Kraken KRL-09S Wide Angle Conversion Lens Review

The Newest Way to Take Macro and Wide Angle Photos on the Same Dive.....With Just One Wet Lens!
By Nirupam Nigam

The Kraken KRL-09s wide angle conversion lens is an incredible wet wide angle lens that converts your dry 60mm macro lens (39.7 degree FOV) to a 154 degree wide angle, fisheye field of view. All you have to do is thread the KRL-09s over your macro port, and you'll get beautiful fisheye underwater optics. The Kraken wide angle conversion lens is not just limited to full frame cameras or 60mm macro lenses. It is also compatible with macro lenses of longer focal lengths (e.g., Canon 100mm macro, Nikon 105mm macro, Sony 90mm macro), but the field of view will not be as wide. The KRL-09s is compatible with cropped sensor cameras, but be sure to make sure your macro lens is at least 60mm at the 35mm equivalent focal length. 


We think the Kraken KRL-09s is an incredible lens for two reasons:

1. This lens allows photographers and video shooters with professional-grade underwater systems to shoot wide angle and macro during the same dive with uncompromising underwater optics...and just one wet lens.

2. This lens is priced perfectly. The KRL-09S is more affordable than fisheye lenses on the market, and you don't need to purchase an expensive dome port to use it! So if you don't think you want to use a dry fisheye lens for above water shooting, you can save money and add versatility to your system with this lens. 


Overall, we think the Kraken KRL-09S is a truly remarkable lens with the capacity to change how people take underwater photos - as you'll see in this underwater review. Who knows, maybe one day we'll stop hearing the "macro or wide angle?" question that seems to be the only think photographers can say before they jump in the water. 


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U.S. MSRP: $999

Kraken KRL-09s Wide Angle Conversion Lens

Kraken KRL-09S Wide Angle Conversion Lens in the field attached to Ikelite Nikon Z6 housing and Nikon 60mm macro lens

Order a Kraken Sports KRL-09S Now at Bluewater Photo!

Kraken Sports KRL-09S Wide Angle Conversion Lens


Kraken KRL-09S Wide Angle Conversion Lens Specifications

  • Field of view: 60mm (39.7°) -> 4.9mm (154.8°)
  • Depth Rating: 197 ft.
  • Thread: 67mm
  • Weight on Land: 2kg
  • Built-in Buoyancy Collar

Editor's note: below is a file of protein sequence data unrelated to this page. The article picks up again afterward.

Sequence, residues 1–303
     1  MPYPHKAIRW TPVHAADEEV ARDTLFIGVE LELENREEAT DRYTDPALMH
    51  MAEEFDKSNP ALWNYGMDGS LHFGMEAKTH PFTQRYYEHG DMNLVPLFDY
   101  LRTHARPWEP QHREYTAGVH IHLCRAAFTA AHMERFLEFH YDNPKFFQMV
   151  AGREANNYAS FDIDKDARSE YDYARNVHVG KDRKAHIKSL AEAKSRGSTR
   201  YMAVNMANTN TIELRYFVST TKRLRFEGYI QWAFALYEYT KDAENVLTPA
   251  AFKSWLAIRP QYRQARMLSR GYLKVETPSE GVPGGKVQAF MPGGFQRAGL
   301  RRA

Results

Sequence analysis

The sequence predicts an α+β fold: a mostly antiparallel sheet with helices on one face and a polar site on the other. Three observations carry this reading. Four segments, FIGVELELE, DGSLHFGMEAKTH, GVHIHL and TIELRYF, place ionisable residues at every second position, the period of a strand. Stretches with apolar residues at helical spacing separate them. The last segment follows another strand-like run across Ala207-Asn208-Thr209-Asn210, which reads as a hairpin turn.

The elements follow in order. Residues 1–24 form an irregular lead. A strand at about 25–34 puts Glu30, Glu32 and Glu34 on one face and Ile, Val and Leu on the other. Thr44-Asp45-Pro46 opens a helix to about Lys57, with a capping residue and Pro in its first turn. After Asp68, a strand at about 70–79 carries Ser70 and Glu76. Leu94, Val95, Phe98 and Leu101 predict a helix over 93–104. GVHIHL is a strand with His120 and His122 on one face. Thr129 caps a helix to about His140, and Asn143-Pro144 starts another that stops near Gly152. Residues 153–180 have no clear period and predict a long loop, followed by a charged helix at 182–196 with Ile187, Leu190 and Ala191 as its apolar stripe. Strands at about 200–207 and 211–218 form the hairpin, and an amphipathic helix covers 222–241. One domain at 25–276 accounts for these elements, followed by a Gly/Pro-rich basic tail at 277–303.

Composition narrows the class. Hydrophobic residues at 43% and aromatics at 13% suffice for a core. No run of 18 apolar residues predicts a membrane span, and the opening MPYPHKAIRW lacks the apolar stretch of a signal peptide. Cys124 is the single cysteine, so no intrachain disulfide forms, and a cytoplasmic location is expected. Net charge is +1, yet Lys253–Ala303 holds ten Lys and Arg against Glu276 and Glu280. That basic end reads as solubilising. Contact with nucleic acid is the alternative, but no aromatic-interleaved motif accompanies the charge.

• Weight Underwater: 220g
  • Lens Construction: 7 Elements; 6 Groups (6 Glass 1 Poly Carb)
  • Magnification: 0.32X
  • Dome Lens: Optical Grade Polycarbonate Resin
  • Glass/Coating: Optical Glass / Multi Layer BBAR Coating
  • Does not focus on land

Kraken KRL 09s 2


Close focus wide angle photo of anemones captured with the Kraken KRL-09S, Nikon Z6, and Nikon 60mm macro lens in an Ikelite housing. f/18, 1/80, ISO 500




The Kraken KRL-09s is built to be threaded onto any 67mm threaded flat port from any housing brand. If it has a 67mm thread then you're good!


The KRL-09S can be used with any 60mm macro lens on a full-frame sensor. This creates the widest fisheye field of view possible - 154 degrees. If you choose to use a longer focal length macro lens like the Nikon 105mm, Canon 100mm, or Sony 90mm macro lenses, then you will have a narrower field of view, but the lens will still work. The lens will not work shorter focal lengths as there will be vingetting. The KRL-09S is als compatible with cropped sensor cameras (e.g., APS-C and Micro Four Thirds). In order to determine if your cropped sensor macro lens is compatible, you will need to determine if your focal length is at 60mm or longer at the 35mm sensor (full frame) equivalent focal length. Please contact Bluewater Photo if you are unsure about your lens, camera, and sensor combination and they'll point you in the right direction!


The Kraken wide angle conversion lens cannot focus above water, and thus cannot be used for over-under photography.


Flip Adapter Compatibility

The Kraken KRL-09S is the perfect lens to be used with a flip adapter. A flip adapter allows you to flip the lens onto your port in one quick, 2 second motion without screwing anything in. If you get a double flip adapter, you will be able to screw an additional diopter on the other thread, allowing you to shoot wide angle, macro, and super macro on in the same dive!

In our tests we've found that the Nauticam single flip adapterNaticam double flip adapter, Nauticam MWL Flip adapter, and Nauticam MWL double flip adapter have the best compatibility with this lens. The MWL versions of the flip adapter have an additional piece (a metal circle with screw holes) that does not need to be used with the Kraken KRL09s. The Saga single flip adapter and the Saga double flip adatper are moderately compatible with the lens. You can screw the lens in most of the way. However, there is a metal bump on the saga adapter that touches the buoyancy color on the lens. In order to get the lens all the way flush, you will need to shave the metal piece off the saga adapter with a dremel. It will not harm the adapter. Even if you choose not to shave off the piece, the lens works with the saga adapter and it is secure - it just doesn't completely screw in without modification.